Supportive Care in Cancer: Official Journal of the Multinational Association of Supportive Care in Cancer 2016 May 12 [Epub ahead of print] [Link]

Orgiano L, Pani F, Astara G, Madeddu C, Marini S, Manca A, Mantovani G.


The purpose of this study was to review the results of a single-center experience in the management of “closed abdomen” hyperthermic intraperitoneal chemotherapy (HIPEC) using a sophisticated technical device (EXIPER®) in the palliative setting of neoplastic ascites from peritoneal carcinomatosis in patients with advanced cancer of different primary sites.
The study was an open, prospective, single-center, non-randomized study conducted at the Department of Medical Oncology 1, University of Cagliari, Italy, from May 2006 to October 2012. Fifteen patients with peritoneal carcinomatosis were treated with HIPEC: 5 males and 10 females (age range 51-82, median 62 years), for a total of 30 procedures (5 patients were treated more than once). Malignant ascites were from ovarian, uterine cervical, colorectal, gastric, malignant pleural mesothelioma, and unknown primary cancer. Main endpoints were increase of free interval between two consecutive procedures, progressive reduction of ascites volumes and improvement of quality of life assessed with ECOG performance status and EORTC QLQ-C30 questionnaire, and improvement of immunologic function.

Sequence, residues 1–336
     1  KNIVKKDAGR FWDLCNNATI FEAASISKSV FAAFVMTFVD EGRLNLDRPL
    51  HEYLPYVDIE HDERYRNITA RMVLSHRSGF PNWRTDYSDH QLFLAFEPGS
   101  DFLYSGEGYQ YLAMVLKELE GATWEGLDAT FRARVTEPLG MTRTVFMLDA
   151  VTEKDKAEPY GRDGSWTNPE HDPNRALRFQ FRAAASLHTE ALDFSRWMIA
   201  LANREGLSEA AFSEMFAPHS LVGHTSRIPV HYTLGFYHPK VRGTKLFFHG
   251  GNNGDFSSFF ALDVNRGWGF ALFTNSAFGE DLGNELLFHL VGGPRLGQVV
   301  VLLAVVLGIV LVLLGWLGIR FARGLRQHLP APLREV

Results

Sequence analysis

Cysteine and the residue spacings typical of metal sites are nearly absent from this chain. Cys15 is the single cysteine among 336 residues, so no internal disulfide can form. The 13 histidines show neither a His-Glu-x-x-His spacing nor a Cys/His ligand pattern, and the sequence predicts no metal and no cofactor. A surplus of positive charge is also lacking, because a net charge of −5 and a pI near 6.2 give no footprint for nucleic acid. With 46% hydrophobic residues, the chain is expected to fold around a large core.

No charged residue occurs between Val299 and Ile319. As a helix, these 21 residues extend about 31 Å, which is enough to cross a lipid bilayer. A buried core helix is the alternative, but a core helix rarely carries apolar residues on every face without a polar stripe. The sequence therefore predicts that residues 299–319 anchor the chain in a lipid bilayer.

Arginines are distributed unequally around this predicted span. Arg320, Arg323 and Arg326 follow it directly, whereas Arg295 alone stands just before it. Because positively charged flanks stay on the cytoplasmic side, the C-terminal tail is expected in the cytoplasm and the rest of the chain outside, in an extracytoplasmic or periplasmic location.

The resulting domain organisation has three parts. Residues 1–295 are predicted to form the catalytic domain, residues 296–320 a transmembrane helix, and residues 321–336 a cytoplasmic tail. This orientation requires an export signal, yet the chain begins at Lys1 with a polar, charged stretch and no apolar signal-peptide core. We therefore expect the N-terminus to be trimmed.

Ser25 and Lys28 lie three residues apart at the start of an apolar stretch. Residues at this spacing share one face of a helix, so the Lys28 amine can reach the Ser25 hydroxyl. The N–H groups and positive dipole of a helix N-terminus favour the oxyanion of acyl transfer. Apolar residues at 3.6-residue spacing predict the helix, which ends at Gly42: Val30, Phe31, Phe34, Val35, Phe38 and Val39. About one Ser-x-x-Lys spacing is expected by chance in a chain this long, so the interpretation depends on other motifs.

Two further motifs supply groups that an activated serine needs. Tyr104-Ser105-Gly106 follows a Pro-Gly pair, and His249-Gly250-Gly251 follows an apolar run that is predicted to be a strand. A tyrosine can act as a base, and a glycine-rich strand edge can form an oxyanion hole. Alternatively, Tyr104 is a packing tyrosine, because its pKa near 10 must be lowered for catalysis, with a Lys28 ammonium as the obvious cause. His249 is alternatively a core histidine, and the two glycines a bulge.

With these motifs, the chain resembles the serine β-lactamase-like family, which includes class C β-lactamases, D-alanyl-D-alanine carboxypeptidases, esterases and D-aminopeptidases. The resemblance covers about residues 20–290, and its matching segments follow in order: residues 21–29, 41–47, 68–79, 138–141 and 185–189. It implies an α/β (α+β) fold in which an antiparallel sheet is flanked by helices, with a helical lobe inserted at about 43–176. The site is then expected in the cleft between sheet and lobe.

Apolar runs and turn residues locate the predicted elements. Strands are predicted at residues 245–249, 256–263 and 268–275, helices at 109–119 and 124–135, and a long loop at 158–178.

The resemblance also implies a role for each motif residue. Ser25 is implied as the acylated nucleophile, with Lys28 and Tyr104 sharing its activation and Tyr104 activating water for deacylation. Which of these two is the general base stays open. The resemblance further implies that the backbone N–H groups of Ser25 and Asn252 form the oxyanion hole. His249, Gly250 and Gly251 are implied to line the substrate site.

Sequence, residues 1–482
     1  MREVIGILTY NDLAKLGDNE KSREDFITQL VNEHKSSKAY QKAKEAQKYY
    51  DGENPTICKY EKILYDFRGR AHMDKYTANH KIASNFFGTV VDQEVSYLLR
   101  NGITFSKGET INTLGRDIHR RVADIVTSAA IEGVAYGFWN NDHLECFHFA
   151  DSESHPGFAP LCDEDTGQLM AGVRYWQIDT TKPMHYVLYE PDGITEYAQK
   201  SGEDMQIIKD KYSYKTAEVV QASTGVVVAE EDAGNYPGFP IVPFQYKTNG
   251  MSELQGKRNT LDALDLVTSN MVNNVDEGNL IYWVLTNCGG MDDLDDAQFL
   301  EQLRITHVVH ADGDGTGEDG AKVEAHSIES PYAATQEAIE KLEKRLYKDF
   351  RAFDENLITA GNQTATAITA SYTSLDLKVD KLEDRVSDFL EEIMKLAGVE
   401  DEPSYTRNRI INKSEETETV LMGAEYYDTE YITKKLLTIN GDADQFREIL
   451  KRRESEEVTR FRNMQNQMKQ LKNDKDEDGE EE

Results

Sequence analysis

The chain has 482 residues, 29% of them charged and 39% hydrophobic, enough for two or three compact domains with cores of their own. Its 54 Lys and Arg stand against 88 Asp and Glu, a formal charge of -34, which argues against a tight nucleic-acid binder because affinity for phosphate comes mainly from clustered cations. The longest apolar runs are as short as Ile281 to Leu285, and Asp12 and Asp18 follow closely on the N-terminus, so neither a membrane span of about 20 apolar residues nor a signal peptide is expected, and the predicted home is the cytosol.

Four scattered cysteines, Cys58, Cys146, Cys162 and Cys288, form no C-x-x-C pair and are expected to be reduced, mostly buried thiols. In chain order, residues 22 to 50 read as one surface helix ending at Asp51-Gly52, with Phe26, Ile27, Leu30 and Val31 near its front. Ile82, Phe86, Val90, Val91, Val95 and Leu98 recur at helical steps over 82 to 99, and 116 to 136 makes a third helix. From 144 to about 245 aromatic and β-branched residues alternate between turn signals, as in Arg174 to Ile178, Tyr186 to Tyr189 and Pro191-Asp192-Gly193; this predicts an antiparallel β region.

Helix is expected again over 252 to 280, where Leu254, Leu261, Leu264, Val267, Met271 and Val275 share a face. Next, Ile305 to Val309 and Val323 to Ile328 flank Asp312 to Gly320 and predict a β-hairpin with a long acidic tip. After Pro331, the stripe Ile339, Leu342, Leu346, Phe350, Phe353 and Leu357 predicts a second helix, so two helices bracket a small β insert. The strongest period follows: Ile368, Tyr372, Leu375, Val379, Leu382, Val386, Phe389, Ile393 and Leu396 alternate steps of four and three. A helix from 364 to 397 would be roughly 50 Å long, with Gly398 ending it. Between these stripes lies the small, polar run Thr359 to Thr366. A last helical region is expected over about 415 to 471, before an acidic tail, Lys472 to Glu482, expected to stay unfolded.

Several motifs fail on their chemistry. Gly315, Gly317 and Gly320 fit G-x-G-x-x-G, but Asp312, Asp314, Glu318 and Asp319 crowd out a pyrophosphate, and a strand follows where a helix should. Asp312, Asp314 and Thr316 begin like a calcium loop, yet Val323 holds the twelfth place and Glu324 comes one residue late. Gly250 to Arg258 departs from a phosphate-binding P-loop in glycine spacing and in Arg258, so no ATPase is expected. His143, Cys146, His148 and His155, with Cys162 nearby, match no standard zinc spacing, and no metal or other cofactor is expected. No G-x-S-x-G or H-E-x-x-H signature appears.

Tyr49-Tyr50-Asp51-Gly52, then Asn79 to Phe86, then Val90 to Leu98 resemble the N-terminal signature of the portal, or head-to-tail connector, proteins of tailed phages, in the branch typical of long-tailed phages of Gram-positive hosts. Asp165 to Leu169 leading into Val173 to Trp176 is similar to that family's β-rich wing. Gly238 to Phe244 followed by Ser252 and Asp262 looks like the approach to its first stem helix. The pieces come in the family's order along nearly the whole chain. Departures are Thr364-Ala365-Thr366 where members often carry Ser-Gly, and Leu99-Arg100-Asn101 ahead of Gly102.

Twelve patients were completely evaluable while three patients were “lost” to follow-up. The treatment was well tolerated. The mean free interval between two consecutive drainages increased from 11.2 to 39.5 days. The mean ascites volume drained decreased from 7.8 to 1.8 l. ECOG PS improved in the majority of patients and EORTC QLQ-C30 scores in all patients as well as immunologic function. In September 2015, only one patient was still alive.
Our study shows that good results may be achieved in terms of symptom palliation and improvement of quality of life in very advanced cancer patients with MA from PC. The treatment was generally well tolerated considering the limited treatment options available for these patients.